Mstest testinitialize not called dating

Jeremy Bytes: Unit Testing: Setup Methods or Not?

mstest testinitialize not called dating

This beta release is NOT the first public iteration of MSTest v2, but . GetDisplayName will be displayed when the test is executed via the target. We were talking about various unit testing frameworks (NUnit vs xUnit. The class is called "MainWindowViewModel", so I have a test class called good because it depends on the current culture having "MM/dd/yyyy" as the date format . Notice that this method does not have the [TestInitialize] attribute. Open a shell window. Create a directory called unit-testing-using-mstest to hold the solution. . IsFalse(result, $"{value} should not be prime"); }.

And yes, using "DateTime. I'm re-doing this demo code which will fix thisbut it's not posted on my site yet. This holds our stub object that we use later in the tests.

mstest testinitialize not called dating

We're using MSTest in this example. When we mark the method with the [TestInitialize] attribute, this method is run before every test. Here's what one of our tests looks like: The rest of the test makes sure that our "RefreshPeopleCommand" behaves as expected.

In this case, it should populate the "People" property with our fake data.

mstest testinitialize not called dating

Here's another test for the ClearPeopleCommand: This is similar to the previous test. Again, feel free to check out the session materials for more details. What's So Bad About This? The problem with this code is that we need to go somewhere else to get more information about this test. This actually isn't quite as bad as the problem described by Osherove and we'll look at that in just a bit.

To see how things can be more readable, let's change our Setup method to a factory that's responsible for creating our stub. A Look at a Factory Method Instead of using a Setup method and a class-level field, we'll use a factory method that returns the type that we're looking for.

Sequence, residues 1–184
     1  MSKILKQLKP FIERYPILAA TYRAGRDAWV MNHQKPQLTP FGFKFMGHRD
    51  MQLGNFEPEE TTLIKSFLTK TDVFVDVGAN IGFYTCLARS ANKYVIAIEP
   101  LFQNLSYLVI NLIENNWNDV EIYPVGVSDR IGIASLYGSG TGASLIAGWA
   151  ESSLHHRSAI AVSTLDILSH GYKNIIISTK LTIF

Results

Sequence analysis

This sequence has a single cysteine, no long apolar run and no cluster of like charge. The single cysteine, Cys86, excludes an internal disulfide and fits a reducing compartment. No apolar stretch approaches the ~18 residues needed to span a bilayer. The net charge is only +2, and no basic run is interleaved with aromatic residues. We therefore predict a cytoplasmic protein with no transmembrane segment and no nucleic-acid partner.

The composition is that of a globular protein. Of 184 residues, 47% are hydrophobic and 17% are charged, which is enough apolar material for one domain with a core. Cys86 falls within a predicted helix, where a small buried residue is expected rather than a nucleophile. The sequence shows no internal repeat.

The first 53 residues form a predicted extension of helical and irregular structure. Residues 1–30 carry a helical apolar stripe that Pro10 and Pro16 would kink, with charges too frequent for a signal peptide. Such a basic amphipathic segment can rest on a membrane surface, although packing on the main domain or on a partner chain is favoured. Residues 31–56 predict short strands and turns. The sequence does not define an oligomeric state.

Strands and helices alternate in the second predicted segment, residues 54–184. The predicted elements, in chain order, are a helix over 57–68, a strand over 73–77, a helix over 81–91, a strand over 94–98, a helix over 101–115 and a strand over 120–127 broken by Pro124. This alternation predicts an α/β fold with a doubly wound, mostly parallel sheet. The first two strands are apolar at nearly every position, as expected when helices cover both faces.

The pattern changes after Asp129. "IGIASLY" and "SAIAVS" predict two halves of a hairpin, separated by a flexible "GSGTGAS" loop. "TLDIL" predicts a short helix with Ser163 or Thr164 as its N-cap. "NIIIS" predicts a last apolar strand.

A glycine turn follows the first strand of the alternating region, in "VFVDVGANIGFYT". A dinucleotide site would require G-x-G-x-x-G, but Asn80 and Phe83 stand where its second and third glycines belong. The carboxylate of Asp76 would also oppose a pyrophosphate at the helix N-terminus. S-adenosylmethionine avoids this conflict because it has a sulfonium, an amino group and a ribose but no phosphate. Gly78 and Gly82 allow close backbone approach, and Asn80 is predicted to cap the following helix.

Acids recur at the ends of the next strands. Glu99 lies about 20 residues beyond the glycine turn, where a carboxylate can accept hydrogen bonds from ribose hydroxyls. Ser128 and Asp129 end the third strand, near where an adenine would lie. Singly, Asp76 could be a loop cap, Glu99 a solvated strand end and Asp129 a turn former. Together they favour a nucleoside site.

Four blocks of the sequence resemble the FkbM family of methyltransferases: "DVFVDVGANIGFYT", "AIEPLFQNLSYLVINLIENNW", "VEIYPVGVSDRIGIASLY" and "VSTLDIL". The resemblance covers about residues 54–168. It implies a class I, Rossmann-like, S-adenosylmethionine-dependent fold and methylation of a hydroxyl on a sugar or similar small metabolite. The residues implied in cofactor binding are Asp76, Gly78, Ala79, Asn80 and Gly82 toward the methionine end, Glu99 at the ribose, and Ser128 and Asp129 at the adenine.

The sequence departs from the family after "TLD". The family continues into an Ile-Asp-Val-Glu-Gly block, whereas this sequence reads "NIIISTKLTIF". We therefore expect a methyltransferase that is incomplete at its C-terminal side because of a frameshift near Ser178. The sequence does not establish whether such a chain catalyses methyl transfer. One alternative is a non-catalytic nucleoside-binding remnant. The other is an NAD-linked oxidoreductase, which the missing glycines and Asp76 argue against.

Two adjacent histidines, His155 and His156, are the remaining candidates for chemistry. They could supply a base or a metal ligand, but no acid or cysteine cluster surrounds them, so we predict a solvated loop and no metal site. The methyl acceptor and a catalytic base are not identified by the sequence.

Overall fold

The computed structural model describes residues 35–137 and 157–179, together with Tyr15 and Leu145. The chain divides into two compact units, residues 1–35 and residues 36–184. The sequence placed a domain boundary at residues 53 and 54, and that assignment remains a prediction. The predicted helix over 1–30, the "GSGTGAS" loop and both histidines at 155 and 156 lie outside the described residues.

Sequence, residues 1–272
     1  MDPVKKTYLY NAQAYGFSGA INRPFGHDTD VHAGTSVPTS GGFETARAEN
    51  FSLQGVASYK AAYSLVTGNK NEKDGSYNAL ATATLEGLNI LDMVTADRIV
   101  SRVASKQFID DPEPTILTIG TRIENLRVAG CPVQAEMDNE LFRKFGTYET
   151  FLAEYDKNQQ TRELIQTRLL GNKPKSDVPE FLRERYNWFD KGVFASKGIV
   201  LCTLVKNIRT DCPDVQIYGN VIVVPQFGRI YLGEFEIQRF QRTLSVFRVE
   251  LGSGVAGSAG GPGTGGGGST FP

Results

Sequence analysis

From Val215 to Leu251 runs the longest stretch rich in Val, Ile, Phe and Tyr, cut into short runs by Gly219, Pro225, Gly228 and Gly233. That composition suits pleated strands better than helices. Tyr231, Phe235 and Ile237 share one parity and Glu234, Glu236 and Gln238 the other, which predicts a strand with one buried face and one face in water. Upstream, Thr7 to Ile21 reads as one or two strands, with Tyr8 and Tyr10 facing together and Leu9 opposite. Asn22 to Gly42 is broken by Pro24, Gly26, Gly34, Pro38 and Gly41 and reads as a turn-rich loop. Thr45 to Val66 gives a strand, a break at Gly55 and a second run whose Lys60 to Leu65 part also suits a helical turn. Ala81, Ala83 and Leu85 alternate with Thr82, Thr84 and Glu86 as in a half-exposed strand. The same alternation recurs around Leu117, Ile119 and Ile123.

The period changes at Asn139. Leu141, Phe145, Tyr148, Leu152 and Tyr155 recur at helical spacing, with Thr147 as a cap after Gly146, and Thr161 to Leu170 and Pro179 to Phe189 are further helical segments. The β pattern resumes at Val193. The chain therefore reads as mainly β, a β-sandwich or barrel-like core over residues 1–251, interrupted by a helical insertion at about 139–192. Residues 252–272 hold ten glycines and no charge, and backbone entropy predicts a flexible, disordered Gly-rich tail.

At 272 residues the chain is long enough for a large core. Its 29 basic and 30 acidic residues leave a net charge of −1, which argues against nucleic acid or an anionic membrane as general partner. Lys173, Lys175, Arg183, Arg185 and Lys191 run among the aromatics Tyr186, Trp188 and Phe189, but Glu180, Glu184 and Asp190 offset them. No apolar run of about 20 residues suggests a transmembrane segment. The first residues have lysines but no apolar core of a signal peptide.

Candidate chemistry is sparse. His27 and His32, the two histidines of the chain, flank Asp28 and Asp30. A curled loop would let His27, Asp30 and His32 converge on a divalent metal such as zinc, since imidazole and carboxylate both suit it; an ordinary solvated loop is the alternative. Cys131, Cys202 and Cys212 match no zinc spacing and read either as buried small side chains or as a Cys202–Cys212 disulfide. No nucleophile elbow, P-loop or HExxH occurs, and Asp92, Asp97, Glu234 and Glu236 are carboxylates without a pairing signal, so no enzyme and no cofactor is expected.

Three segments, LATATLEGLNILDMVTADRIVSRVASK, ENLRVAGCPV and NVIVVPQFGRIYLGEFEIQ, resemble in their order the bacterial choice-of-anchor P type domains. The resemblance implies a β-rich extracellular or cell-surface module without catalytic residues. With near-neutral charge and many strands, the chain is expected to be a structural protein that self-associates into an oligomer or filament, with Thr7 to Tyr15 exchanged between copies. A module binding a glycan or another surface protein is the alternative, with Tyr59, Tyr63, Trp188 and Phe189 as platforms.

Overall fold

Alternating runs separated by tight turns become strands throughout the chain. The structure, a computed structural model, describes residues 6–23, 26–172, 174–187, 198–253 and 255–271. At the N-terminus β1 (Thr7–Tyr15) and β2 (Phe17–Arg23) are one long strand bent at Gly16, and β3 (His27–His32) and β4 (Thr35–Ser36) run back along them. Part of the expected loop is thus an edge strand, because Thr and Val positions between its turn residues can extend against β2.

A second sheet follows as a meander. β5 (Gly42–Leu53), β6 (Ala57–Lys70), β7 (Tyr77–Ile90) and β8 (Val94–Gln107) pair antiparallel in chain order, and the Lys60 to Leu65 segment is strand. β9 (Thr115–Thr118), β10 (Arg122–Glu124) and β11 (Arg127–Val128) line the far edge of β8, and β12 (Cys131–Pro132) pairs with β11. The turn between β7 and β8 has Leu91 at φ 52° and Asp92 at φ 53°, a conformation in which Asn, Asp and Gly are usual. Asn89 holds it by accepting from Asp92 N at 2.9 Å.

Unit testing C# with MSTest and .NET Core

When we look at this method, it looks almost exactly like the "Setup" method from above. The difference is that instead of setting a class-level field, we return the "IPersonRepository" stub. Notice that this method does not have the [TestInitialize] attribute. Here's a refactored test: We have a new line of code in this test. The first line of code calls the "GetRepositoryStub" method that we just created and assigns it to a local variable that is then used in our test.

The other test will have a similar change: What's So Good About This? The advantage of using the factory method is that all of the code is directly run in the test methods.

mstest testinitialize not called dating

There is now no question as to what "repository" is. We can easily see that it is an "IPersonRepository" without having to scroll to the top of the class. In addition, we can see that we are initializing it with the "GetRepositoryStub" method. This gives us a clue that we're creating a stub object that we can use in our tests. I'm currently examining how I name the variables used in my unit tests based on Osherove's book and my experiences.

I'll have to get back around to this in a future article. Observations Readability of unit tests is extremely important. We need to think about how these tests are used. They aren't just used when we're writing the code, they are also used as we continue to develop the code. And they are also used when we go back to fix bugs or add features. Debugging When a test fails, we want to make things as easy as possible for the developer to figure out what's going on.